Image result for The complete guide to Battlefield 1's weapons

Battlefield 1 presents the biggest shift in weapons technology since the series jumped from 1942 to the modern day. Gone are thermal scopes, laser sights, and underslung launchers. On deck are the satisfying chak-chak of bolt actions, literal telescopes on long rifles, and cavalry sword charges. Tanks are deadly but few in number—BF1 focuses on its infantry combat above all. Building a loadoutis less about picking attachments and more about swapping weapons to suit the map, mode, and preferred engagement range. This guide lists and describes the weapons for each class, their variants, and their best uses.

Some of the statistics noted in this guide were obtained from Symthic, a haven for data on Battlefield weapons across the entire series.

At a zippy 900 rounds per minute (RPM), the Italian-bred Automatico is a bullet hose; at a meager 25 rounds per magazine, it’s a greedy bullet hose. Still, at close range, it’ll quickly ice whoever falls beneath your crosshair. You’re likely to nab only one kill (or two with lucky headshots) on average per magazine, so always keep track of the nearest solid piece of rubble to stop and reload. It excels in cover-heavy maps with close engagement ranges such as Amiens or Argonne Forest. Pair it with a pistol packing a roomy magazine—the P08 or 1903 Hammerless is ideal—as you’ll frequently resort to your sidearm to finish an enemy after the Automatico inevitably runs dry.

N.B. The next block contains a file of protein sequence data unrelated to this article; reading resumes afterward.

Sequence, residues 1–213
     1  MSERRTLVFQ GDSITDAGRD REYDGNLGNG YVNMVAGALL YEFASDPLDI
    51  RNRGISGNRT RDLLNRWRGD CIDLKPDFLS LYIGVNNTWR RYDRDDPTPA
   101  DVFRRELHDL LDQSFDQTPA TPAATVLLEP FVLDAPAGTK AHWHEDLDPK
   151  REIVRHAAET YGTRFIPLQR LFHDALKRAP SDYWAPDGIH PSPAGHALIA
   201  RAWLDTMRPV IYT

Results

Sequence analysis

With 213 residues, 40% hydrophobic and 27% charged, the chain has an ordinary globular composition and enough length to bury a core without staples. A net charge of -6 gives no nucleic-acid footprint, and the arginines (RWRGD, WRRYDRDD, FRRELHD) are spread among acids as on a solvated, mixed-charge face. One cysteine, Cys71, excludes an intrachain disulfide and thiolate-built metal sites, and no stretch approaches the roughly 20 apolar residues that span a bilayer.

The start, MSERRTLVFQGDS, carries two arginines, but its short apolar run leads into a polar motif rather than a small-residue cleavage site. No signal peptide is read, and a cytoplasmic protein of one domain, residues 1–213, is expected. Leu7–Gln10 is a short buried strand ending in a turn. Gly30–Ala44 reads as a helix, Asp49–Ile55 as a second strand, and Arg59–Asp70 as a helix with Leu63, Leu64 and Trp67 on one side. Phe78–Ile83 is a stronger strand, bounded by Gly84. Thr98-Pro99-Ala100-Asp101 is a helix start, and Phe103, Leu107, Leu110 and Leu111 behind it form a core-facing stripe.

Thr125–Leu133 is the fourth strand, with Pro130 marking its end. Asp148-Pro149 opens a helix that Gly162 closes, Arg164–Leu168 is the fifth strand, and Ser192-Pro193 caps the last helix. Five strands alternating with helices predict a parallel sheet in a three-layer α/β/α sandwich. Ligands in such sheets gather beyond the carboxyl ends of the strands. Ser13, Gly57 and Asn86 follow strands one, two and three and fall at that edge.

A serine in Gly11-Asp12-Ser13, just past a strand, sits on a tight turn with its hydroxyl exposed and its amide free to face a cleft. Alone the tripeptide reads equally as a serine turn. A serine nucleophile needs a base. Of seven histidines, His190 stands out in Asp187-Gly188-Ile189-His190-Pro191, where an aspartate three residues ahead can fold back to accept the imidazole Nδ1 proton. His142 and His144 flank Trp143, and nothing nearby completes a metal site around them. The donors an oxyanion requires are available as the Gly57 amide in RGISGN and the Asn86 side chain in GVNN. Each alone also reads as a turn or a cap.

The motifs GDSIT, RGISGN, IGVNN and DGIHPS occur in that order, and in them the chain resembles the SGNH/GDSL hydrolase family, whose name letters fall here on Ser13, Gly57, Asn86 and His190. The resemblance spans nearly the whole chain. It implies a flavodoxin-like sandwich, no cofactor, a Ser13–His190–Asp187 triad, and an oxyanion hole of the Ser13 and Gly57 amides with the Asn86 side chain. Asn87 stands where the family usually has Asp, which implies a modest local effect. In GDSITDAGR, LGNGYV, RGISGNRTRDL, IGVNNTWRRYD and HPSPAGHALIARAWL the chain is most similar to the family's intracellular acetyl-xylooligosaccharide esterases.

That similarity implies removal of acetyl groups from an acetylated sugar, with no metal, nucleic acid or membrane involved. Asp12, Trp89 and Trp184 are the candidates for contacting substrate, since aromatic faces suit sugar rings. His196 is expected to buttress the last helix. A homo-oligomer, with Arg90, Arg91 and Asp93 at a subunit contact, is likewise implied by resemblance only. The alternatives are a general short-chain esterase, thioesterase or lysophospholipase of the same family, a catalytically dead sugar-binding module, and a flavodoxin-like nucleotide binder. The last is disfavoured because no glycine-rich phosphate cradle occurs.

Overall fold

Variants: Like most Assault SMGs, the Automatico favors hipfire and mobility over carefully aimed shots. The starting Factory variant provides the best accuracy recovery after each spray, an important consideration given the gun’s blistering fire rate. The Trench version is best suited for fast hit-and-run playstyles with its boosted hipfire stat. (Don your gas mask for perpetual immunity to gas grenades with no downside to your hipfire accuracy.) The Storm variant’s foregrip offers a more balanced recoil and stability pattern at the expense of accuracy, good for small bursts.

The MP 18’s modest 550 RPM rate of fire sits on the low end of the SMG spectrum, but the rest of its stats boast a German-engineered pedigree for the discerning trench-hopper: a relatively spacious 32-round magazine, faster bullet travel, and a forgivingly small recoil pattern that’s easily controllable during hipfire. Pick the MP 18 for a frontliner custodian; while the Automatico shocktroopers swarm to an objective, follow close behind for mop-up shots and more predictable pressure damage. It won’t shine in knife-fight ranges like its frenetic cousin, but its strong accuracy can see you out of tough spots with trust and practice.

Variants: The default Trench variant with its hipfire bonus is a sturdy all-rounder for most close-quarters maps. The other two variants are more specialized: the Experimental affixes a lens sight and tightens the shot group to a 3-round burst, turning the MP 18 into a primordial M16 of sorts—you’ll want to dance on the border between close and medium range for optimum effectiveness—while the Optical just adds the lens sight without the burst fire. Again, keep your distance if you prefer either variants; your damage and control go up at the expense of hipfire accuracy which can quickly send you to the spawn menu if someone blitzes at you.

 

 

[Source:- PCgamer]